terminates  this.   If  the first character following the last >	is a (
       then the	string after the parenthesis is	 interpreted  as  an  indirect
       offset.	That means that	the number after the parenthesis is used as an
       offset in the file.  The	value at that offset  is  read,	 and  is  used
       again  as  an  offset  in  the file.  Indirect offsets are of the form:
       ((x[.[bslBSL]][+-][y]).	The value of x is used as  an  offset  in  the
       file.  A	 byte,	short  or long is read at that offset depending	on the
       [bslBSL]	type specifier.	 The capitalized types interpret the number as
       a  big  endian  value,  whereas the small letter	versions interpret the
       number as a little endian value.	 To that number	 the  value  of	 y  is
       added  and  the	result	is used	as an offset in	the file.  The default
       type if one is not specified is long.

       Sometimes you do	not know the exact  offset  as	this  depends  on  the
       length  of preceding fields.  You can specify an	offset relative	to the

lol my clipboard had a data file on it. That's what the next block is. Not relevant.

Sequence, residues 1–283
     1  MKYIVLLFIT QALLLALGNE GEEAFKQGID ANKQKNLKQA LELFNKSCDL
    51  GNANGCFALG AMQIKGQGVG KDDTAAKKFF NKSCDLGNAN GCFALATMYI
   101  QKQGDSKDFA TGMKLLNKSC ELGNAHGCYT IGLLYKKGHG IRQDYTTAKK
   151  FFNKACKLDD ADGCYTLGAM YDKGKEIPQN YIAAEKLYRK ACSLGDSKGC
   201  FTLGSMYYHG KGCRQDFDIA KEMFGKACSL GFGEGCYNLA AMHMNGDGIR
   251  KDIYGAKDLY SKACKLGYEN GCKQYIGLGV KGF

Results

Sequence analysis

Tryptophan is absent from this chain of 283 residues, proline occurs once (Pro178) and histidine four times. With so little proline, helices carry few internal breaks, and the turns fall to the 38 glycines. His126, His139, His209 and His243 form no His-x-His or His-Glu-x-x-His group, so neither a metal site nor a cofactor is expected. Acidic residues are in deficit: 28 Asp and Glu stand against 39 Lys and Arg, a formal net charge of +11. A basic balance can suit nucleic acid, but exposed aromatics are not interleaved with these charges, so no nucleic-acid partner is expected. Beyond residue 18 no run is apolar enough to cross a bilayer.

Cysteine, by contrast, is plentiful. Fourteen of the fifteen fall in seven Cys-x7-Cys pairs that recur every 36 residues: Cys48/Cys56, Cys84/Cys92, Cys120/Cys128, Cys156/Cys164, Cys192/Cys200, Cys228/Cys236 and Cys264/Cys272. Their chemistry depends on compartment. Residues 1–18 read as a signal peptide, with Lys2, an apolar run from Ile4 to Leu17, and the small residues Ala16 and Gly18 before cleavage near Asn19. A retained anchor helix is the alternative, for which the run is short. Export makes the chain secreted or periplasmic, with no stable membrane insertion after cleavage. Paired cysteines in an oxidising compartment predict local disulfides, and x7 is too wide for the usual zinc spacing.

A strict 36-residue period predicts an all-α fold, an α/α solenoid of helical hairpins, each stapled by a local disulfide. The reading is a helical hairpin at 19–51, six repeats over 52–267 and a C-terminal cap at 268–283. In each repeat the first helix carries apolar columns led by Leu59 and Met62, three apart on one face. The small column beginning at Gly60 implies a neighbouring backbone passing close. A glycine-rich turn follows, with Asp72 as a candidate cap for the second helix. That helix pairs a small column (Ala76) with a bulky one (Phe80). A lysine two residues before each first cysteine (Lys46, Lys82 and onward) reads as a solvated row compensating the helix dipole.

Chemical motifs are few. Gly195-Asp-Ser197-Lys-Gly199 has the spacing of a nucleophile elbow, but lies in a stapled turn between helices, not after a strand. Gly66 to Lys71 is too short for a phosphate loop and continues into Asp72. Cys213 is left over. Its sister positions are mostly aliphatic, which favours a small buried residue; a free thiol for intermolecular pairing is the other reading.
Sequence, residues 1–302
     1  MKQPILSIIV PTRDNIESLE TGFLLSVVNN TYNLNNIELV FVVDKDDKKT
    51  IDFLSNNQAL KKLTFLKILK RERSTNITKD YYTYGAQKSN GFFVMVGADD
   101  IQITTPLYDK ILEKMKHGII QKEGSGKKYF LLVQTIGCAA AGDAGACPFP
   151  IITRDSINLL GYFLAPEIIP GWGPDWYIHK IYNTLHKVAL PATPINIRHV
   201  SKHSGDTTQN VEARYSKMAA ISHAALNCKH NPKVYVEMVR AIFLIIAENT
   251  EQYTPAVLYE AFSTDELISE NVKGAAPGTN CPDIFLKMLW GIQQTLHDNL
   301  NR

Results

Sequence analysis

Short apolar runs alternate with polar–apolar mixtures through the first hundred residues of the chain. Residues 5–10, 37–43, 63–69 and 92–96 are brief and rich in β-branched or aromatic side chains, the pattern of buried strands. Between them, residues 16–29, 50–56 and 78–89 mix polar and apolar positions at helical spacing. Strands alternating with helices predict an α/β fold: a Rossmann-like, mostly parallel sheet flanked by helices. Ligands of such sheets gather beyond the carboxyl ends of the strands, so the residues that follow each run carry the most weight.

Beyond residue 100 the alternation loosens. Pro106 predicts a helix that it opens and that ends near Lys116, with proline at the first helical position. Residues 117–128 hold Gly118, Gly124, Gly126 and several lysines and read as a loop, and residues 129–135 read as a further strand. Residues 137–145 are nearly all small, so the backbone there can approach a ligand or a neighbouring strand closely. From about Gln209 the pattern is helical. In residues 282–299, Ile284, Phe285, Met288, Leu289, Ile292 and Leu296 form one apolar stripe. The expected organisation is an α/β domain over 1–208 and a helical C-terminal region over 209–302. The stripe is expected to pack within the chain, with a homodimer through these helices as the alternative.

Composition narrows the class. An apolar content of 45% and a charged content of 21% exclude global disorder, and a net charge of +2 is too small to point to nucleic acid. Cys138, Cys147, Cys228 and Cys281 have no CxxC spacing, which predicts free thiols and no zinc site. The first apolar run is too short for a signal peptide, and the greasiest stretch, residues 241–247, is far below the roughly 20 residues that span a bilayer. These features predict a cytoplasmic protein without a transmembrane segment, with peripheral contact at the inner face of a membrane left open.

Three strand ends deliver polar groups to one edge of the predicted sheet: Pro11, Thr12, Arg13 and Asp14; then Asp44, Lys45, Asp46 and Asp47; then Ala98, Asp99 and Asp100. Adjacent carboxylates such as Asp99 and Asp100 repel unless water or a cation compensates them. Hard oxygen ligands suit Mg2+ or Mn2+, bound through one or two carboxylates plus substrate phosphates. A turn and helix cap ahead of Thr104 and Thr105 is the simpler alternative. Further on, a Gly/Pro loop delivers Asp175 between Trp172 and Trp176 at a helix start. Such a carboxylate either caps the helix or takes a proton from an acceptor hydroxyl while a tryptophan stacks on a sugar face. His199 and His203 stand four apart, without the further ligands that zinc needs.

end of the last uplevel field (of course	this may only be done for sub-
       level  tests, i.e.  test	beginning with > ).  Such a relative offset is
       specified using & as a prefix to	the offset.

BUGS
       The formats long, belong, lelong, short,	beshort,  leshort,  date,  be-
       date, and ledate	are system-dependent; perhaps they should be specified
       as a number of bytes (2B, 4B, etc), since the  files  being  recognized
       typically come from a system on which the lengths are invariant.

       There is	(currently) no support for specified-endian data to be used in
       indirect	offsets.

SEE ALSO
       file(1) - the command that reads	this file.

				 Public	Domain			      MAGIC(5)

NAME | DESCRIPTION | BUGS | SEE ALSO